[dropcap]I[/dropcap]f you watched television in the late 1960s, chances are you were introduced to the animated mascot for Fritos Corn Chips. Wearing a sombrero, sporting a thin mustache, and carrying two six-shooter pistols on his hips, the Frito Bandito was created by Foote, Cone & Belding, animated by Tex Avery (the same animator who created Bugs Bunny and Daffy Duck), and voiced by Mel Blanc, who also voiced Speedy Gonzales and Porky Pig. While Frito corn chips thought the cartoon mascot was a win, many advocacy groups, including the National Mexican-American Anti-Defamation Committee found the Frito Bandito campaign to be racist.
The Frito Bandito Controversy
Modeled after a stereotypical Mexican revolutionary, Frito Bandito had a thick Mexican accent, spoke broken English and robbed people of their bag of Fritos at gunpoint. Two Mexican-American advocacy groups groups, the National Mexican-American Anti-Defamation Committee (NMAADC) in Washington, D.C. and the Involvement of Mexican-Americans in Gainful Endeavors (IMAGE) in San Antonio, Texas, opposed the Frito Bandito commercials and pressured the company to remove the mascot.
To help alleviate tensions, Frito-Lay decided to remove the Mexican bandit's gold tooth and stubble. Then in 1968, following the assassination of Robert Kennedy, Frito-Lay removed the guns. However, despite the pushback on the mascot, Frito stood by the Frito Bandito and continued to run advertisements featuring the mascot. The company said they even surveyed four cities in Texas and California and asked about the mascot. According to their findings, 85% of Mexican Americans liked the Frito Bandito. In response, groups pushed television stations to ban the character, and stations listened, pulling the commercials.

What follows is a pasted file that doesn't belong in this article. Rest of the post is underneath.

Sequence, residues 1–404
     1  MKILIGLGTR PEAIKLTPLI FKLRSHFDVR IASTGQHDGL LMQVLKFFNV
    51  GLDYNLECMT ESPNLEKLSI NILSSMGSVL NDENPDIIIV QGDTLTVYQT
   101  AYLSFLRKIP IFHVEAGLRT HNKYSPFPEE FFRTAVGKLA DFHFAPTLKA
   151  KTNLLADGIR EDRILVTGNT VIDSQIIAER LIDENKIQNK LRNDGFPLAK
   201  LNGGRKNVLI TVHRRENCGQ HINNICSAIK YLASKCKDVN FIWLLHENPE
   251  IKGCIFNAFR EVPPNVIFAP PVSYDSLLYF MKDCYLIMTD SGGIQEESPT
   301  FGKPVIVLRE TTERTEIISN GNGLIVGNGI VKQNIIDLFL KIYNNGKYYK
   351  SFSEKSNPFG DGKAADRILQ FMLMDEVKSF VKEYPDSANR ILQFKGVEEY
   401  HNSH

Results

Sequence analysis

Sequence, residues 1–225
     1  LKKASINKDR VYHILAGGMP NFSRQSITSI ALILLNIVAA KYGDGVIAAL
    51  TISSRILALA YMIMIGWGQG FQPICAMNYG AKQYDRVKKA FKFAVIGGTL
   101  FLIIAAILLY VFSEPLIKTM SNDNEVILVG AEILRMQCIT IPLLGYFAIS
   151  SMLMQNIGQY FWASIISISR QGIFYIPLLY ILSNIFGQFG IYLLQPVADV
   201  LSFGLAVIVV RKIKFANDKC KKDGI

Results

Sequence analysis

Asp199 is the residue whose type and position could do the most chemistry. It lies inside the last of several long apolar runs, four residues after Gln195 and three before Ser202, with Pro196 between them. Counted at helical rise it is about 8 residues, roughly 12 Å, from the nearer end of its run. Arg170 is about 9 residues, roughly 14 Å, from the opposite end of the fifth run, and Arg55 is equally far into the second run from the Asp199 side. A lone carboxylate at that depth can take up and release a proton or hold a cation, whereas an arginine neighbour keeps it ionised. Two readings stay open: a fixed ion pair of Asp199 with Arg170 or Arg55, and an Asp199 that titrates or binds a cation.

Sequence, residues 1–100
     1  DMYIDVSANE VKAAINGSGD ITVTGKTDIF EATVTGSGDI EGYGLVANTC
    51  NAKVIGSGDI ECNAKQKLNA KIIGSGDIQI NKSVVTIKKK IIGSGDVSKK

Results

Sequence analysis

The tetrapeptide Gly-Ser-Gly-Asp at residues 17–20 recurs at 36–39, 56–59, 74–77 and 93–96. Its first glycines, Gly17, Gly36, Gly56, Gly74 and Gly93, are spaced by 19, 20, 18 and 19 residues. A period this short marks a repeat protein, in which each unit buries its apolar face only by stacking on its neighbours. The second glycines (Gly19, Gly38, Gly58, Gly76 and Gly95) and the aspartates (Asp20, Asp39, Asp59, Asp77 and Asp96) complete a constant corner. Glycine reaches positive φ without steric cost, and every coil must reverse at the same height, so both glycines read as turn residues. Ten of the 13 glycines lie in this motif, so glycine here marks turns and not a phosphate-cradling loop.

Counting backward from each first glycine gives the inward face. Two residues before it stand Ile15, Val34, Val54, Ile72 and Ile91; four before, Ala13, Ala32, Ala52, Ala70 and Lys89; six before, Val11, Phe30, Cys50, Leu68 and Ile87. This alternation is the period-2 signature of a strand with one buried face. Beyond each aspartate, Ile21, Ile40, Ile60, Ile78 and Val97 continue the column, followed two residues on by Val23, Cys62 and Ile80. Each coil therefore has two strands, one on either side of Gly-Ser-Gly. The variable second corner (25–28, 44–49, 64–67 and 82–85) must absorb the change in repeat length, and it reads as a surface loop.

By 1969 Frito decided to create a new mascot, W.C. Fritos, who was based on comedian W.C. Fields. By 1971 Frito pulled the entire Frito Bandito campaign.
The Commercial Today
I couldn't imagine the jingle or commercial being played on television today, but back in the 60s, racism was still present (and is still currently present today). It was only six years earlier Martin Luther King Jr. delivered his "I Have a Dream" speech at the National Mall. Was the cartoon bandit funny and cute? Sure, but it delivered a message that offended a community of people and because of that, it was taken down and added to the list of racist mascots.
This article was originally published on April 14, 2020
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